The Association of American Indian Physicians (AAIP)—a national health association made up of Native physicians— has partnered with the Centers for Disease Control and Prevention (CDC) to increase COVID-19 vaccination rates among Indigenous youth.

As of current vaccination standards, most children are eligible for vaccines, and some are eligible for booster shots. Children aged 6 months through 4 years should get all COVID-19 primary series doses, according to CDC guidelines. Children 5 years and older should get all primary series doses and the booster dose recommended by the CDC, if eligible. People 12 years and older are recommended to receive one updated Pfizer or Moderna booster.

The AAIP national COVID-19 vaccine campaign is aimed specifically at Native communities to dispel vaccine myths, communicate specific health disparities, and use culturally-specific language to encourage community members to protect their children. According to aaipvax.org, children make up 18 percent of all COVID-19 cases, and Native children have lost caregivers to COVID-19 nearly five times more than white children.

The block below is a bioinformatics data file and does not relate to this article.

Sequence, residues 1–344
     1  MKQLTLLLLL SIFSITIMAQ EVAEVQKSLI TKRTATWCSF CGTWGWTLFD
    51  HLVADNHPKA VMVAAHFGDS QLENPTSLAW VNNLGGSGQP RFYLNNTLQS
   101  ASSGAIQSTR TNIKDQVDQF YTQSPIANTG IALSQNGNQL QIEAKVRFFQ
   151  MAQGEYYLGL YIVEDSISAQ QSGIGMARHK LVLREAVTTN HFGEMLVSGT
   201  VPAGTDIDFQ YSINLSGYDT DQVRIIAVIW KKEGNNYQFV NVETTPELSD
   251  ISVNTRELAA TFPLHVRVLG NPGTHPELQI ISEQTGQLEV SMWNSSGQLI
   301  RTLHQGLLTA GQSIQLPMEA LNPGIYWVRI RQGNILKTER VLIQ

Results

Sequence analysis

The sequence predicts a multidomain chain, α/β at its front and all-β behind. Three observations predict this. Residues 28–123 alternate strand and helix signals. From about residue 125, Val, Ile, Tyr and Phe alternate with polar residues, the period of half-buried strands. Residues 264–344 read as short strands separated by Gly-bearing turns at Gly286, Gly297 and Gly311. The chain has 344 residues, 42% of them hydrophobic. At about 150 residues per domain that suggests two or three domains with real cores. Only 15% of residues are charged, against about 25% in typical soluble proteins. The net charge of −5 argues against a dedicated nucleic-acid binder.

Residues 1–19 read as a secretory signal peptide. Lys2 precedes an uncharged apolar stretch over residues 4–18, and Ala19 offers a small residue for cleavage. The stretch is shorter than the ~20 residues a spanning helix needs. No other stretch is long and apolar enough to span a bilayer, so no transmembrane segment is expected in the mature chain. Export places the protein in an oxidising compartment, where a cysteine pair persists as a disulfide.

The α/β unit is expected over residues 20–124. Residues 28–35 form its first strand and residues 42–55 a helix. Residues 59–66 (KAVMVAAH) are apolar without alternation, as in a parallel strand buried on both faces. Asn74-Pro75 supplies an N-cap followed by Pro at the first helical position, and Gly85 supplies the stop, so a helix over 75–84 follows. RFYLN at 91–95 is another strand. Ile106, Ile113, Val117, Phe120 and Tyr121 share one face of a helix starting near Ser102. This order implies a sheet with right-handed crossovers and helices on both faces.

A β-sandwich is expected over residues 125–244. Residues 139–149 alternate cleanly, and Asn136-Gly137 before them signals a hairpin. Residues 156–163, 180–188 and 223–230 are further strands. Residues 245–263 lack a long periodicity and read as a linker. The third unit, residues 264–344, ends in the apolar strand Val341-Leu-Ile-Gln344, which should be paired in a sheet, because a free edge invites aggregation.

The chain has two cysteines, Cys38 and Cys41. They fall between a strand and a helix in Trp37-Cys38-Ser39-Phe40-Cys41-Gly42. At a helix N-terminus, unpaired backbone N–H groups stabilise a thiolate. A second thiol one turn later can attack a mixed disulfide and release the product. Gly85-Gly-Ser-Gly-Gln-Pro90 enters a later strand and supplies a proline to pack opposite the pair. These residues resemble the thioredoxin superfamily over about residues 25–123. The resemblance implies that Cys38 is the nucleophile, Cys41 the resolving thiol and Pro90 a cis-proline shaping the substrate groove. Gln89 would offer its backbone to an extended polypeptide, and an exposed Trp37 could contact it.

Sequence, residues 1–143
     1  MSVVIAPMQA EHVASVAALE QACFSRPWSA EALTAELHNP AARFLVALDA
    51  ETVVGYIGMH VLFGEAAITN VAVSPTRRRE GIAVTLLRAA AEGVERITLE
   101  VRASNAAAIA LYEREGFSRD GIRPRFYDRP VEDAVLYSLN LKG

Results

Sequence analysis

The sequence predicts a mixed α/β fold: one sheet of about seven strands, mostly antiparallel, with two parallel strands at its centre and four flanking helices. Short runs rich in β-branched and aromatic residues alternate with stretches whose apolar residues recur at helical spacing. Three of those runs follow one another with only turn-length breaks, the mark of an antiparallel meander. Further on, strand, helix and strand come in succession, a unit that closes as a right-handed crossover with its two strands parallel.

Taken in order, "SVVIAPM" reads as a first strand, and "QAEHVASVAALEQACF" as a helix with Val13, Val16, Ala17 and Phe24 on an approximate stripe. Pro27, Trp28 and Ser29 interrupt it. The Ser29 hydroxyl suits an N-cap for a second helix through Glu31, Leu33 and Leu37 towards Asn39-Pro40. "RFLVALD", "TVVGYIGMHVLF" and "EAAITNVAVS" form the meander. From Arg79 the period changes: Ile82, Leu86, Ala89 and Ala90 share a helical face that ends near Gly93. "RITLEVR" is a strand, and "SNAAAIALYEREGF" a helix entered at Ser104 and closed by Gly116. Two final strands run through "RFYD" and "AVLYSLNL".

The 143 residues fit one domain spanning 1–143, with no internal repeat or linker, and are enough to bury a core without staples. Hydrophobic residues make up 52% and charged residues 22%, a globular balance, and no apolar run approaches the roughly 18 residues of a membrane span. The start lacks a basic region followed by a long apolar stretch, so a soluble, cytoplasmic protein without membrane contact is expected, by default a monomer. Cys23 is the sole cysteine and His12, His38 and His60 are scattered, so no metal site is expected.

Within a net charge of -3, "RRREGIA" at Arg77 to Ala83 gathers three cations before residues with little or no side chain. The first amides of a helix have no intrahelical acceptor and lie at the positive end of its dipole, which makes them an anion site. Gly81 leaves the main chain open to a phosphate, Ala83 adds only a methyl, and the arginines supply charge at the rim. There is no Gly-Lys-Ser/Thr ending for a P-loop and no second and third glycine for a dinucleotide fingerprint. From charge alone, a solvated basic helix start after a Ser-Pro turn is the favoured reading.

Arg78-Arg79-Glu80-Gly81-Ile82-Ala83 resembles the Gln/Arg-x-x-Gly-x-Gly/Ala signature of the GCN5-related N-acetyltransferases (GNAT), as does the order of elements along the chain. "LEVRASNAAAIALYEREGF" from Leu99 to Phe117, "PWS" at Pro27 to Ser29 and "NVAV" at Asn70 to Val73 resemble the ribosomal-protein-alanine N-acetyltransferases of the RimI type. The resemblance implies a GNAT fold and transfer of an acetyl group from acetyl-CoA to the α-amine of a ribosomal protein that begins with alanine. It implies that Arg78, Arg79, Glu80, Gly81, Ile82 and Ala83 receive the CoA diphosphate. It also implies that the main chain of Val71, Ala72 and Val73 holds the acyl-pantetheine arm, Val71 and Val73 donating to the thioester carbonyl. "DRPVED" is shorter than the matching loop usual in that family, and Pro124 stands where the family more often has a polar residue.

“As the pandemic has evolved, so have our efforts to protect our communities,” AAIP President Lukejohn Day said in a statement. “Child vaccinations against the COVID-19 pandemic are safe, effective and available to American Indians and Alaska Natives, and they’re a tool for maintaining our cultures and keeping friends and neighbors healthy. Vaccination is a community effort with a colossal community impact.”  

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